Rodrigo Ferreira


As concerns about the inequitable social impacts of AI have widened over the last few years, AI-ethics researchers have increasingly steered their focus away from the normative dimension of AI design — whether an engineering decision is “right” or “wrong” — toward issues more traditionally grounded in the realm of society and politics, such as historical social inequalities and systematic discrimination. Throughout this transition, several different concepts and initiatives have emerged that aim to capture the spirit of this conceptual change, yet unwittingly have also helped create a degree of discursive ambiguity and division. Is the purpose of “ethical AI” ultimately to help promote social good? To serve the public interest? To create more justice? As this presentation will explain, the terms and examples that we use to describe the purpose of ethical AI are critical because each one carries a particular set of conceptual affordances and limitations that can hinder opportunities for cooperation between social actors. For this reason, it is critical that we develop a set of common examples and conceptual tools to help academic researchers, technology developers and social activists more effectively work together toward a common future.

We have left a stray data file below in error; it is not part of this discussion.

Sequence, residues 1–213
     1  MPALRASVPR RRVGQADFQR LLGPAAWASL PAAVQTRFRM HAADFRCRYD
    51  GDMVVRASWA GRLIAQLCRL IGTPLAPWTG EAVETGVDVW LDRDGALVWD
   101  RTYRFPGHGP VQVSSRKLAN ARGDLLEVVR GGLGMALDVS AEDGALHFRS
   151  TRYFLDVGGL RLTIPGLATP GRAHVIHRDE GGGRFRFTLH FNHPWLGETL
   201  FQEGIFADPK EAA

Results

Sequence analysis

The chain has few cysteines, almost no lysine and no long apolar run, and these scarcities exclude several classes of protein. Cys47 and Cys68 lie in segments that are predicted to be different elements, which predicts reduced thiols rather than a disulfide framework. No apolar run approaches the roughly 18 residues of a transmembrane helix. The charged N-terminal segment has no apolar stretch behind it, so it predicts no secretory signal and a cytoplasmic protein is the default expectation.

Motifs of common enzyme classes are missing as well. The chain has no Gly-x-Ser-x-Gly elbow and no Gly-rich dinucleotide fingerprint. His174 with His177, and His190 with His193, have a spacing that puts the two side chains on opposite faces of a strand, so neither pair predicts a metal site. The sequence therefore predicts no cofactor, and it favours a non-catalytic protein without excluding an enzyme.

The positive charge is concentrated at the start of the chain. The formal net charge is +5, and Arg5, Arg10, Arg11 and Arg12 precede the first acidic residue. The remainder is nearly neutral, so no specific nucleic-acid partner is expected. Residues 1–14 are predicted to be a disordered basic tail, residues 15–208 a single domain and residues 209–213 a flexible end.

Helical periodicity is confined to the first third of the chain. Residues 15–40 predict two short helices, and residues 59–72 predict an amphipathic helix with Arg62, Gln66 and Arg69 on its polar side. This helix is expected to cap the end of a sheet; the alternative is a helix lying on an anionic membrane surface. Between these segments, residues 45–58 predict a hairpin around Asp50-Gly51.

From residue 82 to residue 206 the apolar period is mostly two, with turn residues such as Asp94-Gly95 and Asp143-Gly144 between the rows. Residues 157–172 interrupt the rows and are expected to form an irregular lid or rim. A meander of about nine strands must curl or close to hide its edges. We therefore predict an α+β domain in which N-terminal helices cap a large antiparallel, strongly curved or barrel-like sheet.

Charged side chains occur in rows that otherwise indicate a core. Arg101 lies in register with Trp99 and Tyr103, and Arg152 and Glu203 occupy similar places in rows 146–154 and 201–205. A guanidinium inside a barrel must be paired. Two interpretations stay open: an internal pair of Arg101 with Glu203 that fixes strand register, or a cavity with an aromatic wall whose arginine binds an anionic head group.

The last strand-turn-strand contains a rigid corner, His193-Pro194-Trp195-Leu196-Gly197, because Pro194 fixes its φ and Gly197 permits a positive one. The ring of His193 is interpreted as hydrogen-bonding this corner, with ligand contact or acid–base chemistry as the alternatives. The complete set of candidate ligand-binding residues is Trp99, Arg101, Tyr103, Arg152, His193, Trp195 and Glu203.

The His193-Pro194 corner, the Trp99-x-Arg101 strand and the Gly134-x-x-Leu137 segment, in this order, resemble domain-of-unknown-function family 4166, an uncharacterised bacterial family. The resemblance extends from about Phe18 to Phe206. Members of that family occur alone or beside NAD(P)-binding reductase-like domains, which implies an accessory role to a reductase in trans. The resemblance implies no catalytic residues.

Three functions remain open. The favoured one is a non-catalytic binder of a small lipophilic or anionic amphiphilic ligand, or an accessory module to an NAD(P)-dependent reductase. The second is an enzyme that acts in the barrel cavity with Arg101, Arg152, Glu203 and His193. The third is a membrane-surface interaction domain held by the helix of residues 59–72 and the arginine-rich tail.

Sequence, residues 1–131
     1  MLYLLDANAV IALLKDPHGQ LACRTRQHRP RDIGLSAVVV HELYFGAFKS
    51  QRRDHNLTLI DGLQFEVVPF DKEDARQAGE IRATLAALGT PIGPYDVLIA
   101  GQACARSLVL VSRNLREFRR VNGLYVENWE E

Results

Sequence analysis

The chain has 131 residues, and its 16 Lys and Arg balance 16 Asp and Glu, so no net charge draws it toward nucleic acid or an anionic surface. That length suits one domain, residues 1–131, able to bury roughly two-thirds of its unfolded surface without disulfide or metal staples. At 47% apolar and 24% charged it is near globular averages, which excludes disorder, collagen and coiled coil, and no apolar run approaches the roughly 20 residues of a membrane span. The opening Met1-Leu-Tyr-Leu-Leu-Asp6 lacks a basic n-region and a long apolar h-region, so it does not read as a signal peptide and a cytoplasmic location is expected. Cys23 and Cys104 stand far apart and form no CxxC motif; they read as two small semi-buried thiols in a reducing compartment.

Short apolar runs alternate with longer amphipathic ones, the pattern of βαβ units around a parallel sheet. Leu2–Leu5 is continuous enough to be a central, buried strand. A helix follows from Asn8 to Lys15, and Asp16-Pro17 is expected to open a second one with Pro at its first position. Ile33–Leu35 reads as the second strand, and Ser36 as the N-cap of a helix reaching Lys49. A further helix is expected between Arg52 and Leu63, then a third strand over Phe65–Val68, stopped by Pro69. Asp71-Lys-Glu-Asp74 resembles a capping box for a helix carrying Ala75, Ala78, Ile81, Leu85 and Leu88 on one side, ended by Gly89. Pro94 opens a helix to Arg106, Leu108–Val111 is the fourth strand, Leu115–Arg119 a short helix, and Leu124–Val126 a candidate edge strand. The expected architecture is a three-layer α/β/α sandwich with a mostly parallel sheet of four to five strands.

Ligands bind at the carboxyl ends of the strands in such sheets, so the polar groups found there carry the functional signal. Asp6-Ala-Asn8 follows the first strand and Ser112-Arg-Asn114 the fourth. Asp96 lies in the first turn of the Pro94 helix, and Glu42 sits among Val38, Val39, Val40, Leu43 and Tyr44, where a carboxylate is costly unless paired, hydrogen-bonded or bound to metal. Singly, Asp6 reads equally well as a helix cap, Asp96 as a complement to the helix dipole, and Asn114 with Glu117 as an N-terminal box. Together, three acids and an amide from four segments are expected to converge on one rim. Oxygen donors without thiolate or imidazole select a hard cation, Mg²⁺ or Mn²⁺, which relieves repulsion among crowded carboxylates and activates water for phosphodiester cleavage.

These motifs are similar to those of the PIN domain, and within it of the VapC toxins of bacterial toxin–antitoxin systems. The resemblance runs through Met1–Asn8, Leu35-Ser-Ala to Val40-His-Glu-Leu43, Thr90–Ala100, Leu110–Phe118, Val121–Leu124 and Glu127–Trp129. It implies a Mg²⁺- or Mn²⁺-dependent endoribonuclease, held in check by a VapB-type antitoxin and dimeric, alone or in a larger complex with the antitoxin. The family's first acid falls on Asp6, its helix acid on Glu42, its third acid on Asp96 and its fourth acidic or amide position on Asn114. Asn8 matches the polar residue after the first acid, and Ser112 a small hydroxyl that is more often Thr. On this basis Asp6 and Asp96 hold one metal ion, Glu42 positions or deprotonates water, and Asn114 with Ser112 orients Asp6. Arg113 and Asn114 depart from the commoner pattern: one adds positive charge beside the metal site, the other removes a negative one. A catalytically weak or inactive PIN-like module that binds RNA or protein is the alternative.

Rodrigo Ferreira is an assistant teaching professor in computer science at Rice University. In this role, Ferreira teaches numerous courses in technology and ethics and is responsible for developing ethics and social justice curricula across the computer science department. In addition to his pedagogical practice and research, Ferreira is the English translator of Mexican-Ecuadorian philosopher Bolívar Echeverría’s “Modernity and Whiteness” (Polity 2019) and co-author of the Mexican National Agenda public policy report on AI Ethics. Ferreira has a Ph.D. in media, culture and communication from New York University and has presented his research on technology, culture and society at academic and professional conferences across the U.S., Latin America and Europe.

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